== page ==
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“It literally rewires the brain” – Study shows concerning link between screen time and children’s brain development

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SANTA BARBARA, Calif. - Many of us have been there, the kids are acting up at the restaurant and a quick game or show on your phone calms them down but a new study found that too much screen time may be wreaking havoc on a child's brain during key years of development.

The study scanned the brains of close to 50 children ages three to five.  Data shows that kids who used screens for more than an hour a day without parental involvement had lower levels of development in areas of the brain in charge of language, literacy and cognitive skills.

Tiffany Friggione limits her kiddos to 30 minutes of screen time a day.

This is the age where they need to develop and make all the connections so less screen time is better,” said Friggione.

The Santa Barbara mom wasn’t surprised to hear that a recent pediatric study showed a concerning link between screen time and lower brain development in preschoolers.

“I think they kind of zone out and it’s not forcing brain work while they’re watching, so that makes sense,” said Friggione. 

Dr Saida Hamdani says a study like this is long overdue. She talks to parents about the dangers of screen time when their babies are just four days old.

“It’s so critical to make the parents aware of how powerful screen time is in affecting the way the brain develops it literally rewires the brain,” said Saida Hamdani, MD, Sansum Clinic Pediatrics & Adolescent Medicine.

The Sansum Clinic Pediatrician says she can often tell just by observing in the waiting room the kids that are stimulated by reading and playing.

“The child is focused, the child is calm, the child has really good critical learning skills, critical thinking skills,” said Dr. Hamdani. 

Dr. Hamdani says children exposed to a lot of screen time may be bright but they can’t harness the brain’s horsepower and they’re dependent on a parent entertaining them with a phone or tablet.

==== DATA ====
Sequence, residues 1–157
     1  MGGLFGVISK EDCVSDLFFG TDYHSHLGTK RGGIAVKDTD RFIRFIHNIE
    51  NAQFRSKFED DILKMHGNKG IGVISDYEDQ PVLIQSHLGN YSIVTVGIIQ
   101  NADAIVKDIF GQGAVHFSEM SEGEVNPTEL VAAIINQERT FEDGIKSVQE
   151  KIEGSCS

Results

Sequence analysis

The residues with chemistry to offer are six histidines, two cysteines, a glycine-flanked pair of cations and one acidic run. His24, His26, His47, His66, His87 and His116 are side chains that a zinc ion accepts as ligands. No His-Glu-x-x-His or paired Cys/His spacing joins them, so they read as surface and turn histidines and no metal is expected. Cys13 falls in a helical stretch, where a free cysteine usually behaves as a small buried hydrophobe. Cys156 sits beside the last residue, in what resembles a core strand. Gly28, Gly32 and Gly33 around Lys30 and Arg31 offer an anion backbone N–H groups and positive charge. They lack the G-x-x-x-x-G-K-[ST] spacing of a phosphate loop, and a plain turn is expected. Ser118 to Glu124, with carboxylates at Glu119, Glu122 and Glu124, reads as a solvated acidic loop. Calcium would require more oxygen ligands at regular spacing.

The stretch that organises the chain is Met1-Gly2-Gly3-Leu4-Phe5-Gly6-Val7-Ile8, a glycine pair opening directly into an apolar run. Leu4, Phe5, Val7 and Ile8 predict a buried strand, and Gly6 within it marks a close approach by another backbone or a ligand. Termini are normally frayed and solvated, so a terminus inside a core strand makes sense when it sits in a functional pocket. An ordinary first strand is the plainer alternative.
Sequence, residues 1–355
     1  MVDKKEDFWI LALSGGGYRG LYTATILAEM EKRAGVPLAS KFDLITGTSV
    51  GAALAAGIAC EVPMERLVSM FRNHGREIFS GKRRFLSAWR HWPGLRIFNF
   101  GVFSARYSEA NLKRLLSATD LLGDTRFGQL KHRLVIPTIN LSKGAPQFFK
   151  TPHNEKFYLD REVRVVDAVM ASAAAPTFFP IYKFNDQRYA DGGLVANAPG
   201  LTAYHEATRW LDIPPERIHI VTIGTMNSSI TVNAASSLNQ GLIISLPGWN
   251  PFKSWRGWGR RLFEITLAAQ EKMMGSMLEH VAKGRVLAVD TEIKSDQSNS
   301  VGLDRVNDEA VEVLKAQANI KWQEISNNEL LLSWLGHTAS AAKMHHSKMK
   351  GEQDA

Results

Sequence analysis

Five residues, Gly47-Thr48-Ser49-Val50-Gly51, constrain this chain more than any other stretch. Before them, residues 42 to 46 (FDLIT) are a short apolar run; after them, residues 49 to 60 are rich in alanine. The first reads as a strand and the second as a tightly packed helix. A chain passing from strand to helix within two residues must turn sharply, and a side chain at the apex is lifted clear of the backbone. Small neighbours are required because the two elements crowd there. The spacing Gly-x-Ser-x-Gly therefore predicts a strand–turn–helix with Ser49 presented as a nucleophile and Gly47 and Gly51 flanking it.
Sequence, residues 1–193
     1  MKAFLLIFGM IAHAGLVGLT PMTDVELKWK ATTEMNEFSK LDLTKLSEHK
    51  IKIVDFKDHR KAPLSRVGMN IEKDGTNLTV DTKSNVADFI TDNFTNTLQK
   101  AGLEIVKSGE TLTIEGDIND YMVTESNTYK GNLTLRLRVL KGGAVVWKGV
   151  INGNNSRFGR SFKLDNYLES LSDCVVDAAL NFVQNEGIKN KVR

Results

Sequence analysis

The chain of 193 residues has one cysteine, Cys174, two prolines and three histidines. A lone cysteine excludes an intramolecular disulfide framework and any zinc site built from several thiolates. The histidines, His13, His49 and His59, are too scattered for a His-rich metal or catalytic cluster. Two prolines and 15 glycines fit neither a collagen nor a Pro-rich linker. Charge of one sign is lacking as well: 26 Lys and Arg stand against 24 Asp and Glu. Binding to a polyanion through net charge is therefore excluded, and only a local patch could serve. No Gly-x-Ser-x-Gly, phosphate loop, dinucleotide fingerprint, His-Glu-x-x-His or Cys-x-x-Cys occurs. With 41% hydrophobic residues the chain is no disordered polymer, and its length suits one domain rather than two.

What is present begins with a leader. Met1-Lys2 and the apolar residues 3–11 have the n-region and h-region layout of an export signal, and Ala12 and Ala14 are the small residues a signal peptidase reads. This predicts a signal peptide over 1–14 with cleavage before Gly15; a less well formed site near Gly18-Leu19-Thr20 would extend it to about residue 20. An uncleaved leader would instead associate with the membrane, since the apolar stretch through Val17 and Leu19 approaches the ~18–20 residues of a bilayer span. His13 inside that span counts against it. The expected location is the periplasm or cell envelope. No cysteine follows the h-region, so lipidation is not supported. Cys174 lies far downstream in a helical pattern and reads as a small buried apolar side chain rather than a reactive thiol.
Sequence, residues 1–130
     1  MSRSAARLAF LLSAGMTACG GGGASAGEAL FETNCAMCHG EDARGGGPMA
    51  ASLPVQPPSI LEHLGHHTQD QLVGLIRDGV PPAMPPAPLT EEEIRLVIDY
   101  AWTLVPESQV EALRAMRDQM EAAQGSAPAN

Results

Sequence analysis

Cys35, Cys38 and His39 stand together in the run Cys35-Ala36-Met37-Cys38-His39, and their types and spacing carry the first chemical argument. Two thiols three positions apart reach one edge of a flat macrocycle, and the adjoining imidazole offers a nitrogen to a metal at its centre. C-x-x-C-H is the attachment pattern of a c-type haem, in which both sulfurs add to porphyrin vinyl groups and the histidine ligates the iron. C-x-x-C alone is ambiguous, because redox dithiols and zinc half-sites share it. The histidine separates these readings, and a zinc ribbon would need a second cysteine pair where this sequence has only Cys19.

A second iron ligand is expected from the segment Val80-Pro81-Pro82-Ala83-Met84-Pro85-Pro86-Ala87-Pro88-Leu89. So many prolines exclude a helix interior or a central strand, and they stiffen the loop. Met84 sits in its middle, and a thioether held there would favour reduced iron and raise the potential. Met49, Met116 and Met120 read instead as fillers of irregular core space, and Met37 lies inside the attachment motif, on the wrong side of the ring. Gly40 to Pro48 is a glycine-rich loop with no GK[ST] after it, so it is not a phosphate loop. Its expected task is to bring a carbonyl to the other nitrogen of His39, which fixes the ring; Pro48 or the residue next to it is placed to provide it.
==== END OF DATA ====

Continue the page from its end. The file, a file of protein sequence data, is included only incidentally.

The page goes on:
“A child who gets a lot of screen time then has lower attention span, lower processing time, lower cognitive skills, lower executive functioning, more behavioral issues, difficulty with sleep, difficulty with socializing,” said Dr. Hamdani. 

The American Academy of Pediatrics says no to screen time until the little ones are two but FaceTiming or video chatting is ok.

“Between two and five selective screen time, the maximum being an hour a day where the parent is co-viewing and helping the child make sense of what they’re viewing,” said Dr.Hamdani. 

After six, Dr. Hamdani outlines limited screen time with clear parameters but overall, her recommendations are even stricter than that. 

“So that brain, even though it goes through tremendously rapid development in the first two years and quite intense development up until seven years old, it will actually continue into the '20s,” said Dr. Hamdani. 

Dr. Hamdani also says no screens at mealtime, bedtime or in the car, when you could be interacting with your kids. 

Article Topic Follows: Health
brain development
sansum clinic
screen time

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Kacey Drescher


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